One of the biggest barriers against posting when I’m on the road is time: as in, there’s not enough of it.
Today, while I was in the shower after a day of touring Australia’s Kangaroo Island, I thought, “I really wish I could share this with my readers…”
And then I thought, “Why the hell can’t I?!”
Often, I won’t post if I don’t have the time to do a lengthy write-up alongside it…which will result in me not posting for weeks, or sometimes not posting at all. So, I decided that I’m going to at least attempt to put up photos while I’m on honeymoon, even if the only accompanying text is a mere caption (or no captions, period).
First stop on our honeymoon was Hong Kong, a gorgeous East-meets-West city nestled between water and mountains that has loomed large in my imagination for over a decade.
Below, a mere snapshot of our 4 days in Hong Kong, with a few of the highlights we experienced. If you have a chance to visit the city, I highly recommend!
The Big Buddha on Lantau Island is an absolute must:
Tim Ho Wan, the World’s Cheapest Michelin-Starred Restaurant. Helmed by Chef Mak Pui Gor, who was formerly at Lung King Heen at the Four Seasons, there are now several outposts of this dim sum palace in Hong Kong. You can’t make reservations and normally have to wait at least 2 hours for a table, but we were lucky enough to get in after only a 5 minute wait. (Thank you Hong Kong Tourism Board!) It’s not fancy and it basically looks like a neighborhood taco joint, but the food is OUT OF THIS WORLD. A few days later, when E. and I were looking back on all the over-the-top meals we’d had, he pronounced the dim sum at Tim Ho Wan his favorite. It’s worth the wait, even if simply for the bragging rights. Make sure you order the Baked Bun with BBQ Pork, since it’s the signature dish. We ordered seconds.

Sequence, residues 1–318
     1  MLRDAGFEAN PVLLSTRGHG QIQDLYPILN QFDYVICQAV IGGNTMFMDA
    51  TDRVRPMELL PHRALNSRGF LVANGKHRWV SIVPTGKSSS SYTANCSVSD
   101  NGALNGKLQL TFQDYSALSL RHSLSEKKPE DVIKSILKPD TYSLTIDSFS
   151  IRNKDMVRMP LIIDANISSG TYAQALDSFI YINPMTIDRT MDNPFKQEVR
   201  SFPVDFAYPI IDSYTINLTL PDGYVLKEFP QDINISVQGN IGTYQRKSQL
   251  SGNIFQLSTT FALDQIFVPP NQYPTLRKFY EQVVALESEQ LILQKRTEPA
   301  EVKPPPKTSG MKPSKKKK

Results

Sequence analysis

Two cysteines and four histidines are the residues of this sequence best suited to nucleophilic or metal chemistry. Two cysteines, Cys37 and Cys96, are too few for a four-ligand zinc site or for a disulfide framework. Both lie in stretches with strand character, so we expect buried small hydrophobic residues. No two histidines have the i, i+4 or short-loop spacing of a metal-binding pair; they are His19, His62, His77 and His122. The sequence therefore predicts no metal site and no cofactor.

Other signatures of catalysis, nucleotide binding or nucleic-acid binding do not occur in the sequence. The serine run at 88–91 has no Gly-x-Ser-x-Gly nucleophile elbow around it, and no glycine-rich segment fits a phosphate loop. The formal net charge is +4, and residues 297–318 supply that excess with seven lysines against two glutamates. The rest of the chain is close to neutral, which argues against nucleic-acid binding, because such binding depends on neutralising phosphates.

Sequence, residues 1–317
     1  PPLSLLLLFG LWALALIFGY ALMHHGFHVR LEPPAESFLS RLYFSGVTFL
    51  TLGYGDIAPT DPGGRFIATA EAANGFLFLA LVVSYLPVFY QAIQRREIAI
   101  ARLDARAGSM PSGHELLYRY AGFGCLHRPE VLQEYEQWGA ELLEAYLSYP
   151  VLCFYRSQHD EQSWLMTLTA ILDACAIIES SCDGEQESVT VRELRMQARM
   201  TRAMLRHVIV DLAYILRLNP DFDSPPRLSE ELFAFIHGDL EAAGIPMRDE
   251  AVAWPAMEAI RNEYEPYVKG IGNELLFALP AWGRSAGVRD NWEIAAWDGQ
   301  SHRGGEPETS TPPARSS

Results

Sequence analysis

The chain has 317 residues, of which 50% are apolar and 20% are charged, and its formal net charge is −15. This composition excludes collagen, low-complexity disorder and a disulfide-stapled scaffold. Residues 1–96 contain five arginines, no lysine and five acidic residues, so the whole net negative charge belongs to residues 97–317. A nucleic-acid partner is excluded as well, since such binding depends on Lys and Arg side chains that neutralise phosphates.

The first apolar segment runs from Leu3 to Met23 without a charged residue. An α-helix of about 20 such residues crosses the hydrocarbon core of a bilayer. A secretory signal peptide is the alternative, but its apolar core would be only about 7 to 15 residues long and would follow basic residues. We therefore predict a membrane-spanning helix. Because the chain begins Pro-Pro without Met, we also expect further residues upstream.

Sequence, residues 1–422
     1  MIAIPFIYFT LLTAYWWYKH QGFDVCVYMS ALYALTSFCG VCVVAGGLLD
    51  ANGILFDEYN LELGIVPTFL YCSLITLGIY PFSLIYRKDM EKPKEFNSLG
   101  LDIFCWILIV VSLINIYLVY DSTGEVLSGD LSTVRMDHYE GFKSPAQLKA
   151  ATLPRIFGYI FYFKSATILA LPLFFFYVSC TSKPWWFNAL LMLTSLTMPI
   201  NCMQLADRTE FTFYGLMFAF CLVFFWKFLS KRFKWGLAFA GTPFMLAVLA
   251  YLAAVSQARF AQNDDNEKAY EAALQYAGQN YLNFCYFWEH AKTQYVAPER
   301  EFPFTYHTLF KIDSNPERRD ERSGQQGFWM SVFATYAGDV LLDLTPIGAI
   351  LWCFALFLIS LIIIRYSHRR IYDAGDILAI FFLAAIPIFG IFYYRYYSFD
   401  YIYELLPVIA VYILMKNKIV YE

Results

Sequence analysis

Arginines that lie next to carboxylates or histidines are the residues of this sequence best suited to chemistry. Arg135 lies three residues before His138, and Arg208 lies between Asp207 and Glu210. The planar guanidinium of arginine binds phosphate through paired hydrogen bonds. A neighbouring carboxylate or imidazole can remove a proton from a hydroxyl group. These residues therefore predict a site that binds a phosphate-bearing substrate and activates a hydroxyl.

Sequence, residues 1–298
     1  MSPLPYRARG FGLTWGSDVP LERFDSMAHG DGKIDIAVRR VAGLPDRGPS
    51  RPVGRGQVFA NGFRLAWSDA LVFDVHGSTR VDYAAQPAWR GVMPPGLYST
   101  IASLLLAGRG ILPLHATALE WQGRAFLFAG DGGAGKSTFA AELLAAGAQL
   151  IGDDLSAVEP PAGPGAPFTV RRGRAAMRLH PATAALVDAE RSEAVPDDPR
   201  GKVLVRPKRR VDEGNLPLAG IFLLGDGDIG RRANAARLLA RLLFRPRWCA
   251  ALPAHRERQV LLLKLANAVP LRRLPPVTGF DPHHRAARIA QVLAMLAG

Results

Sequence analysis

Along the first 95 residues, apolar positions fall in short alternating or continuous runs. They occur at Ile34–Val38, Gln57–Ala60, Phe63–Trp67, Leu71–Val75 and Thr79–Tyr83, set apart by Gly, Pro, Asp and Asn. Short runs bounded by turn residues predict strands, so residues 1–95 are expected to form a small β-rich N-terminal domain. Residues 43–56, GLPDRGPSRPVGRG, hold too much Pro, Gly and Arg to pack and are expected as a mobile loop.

Bo Innovation – Chef Alvin Leung is known as the Demon Chef and is a judge on Canadian Master Chef. His big personality attracts haters, but when we sat at his Chef’s Table at Bo Innovation, which has 3 Michelin stars, we were blown away not only by the food but by how funny and cool he is. Below, a couple of his creations:
We also ate at Yin Yang, Chef Margaret Xu Yuan‘s tiny restaurant. She only locally sourced produce from her organic garden, which results in beautiful treats like this:
Hong Kong has so many awesome bars, and we only drank at a few of them. I can recommend Ozone, which is at the top of the Ritz Carlton on the 118th floor. It’s the highest bar in the world:
Also worth a stop: Wooloomooloo, which has views like this:
One of the must-do things in Hong Kong is to get a suit custom-made from a local tailor. It’s not quite as cheap as I expected (I had visions of $1000 suits costing, like, $75) but you can definitely get something amazing for a song. The in-the-know place frequented by businessmen and royals is Sam’s Tailor.
On the last day of our trip, our tour guide asked me what my favorite activity had been. I answered immediately, with no hesitation: Sevva. It’s a rooftop bar, lounge and restaurant on the top of Prince’s Building in Central, which is Hong Kong’s shopping and banking area. High tea featured champagne and Lanvin fashion cakes, with ludicrously beautiful views and ornate decorations on the walls. Probably my favorite drinking experience ever.
We did some other amazing things I can’t wait to share…but those will have to wait for another post! We’re in Australia now, and wowzers am I exhausted. (I’ve been nursing the world’s worst cold–which has progressed into a hacking cough–for the past 4 days. I pray for health tomorrow!)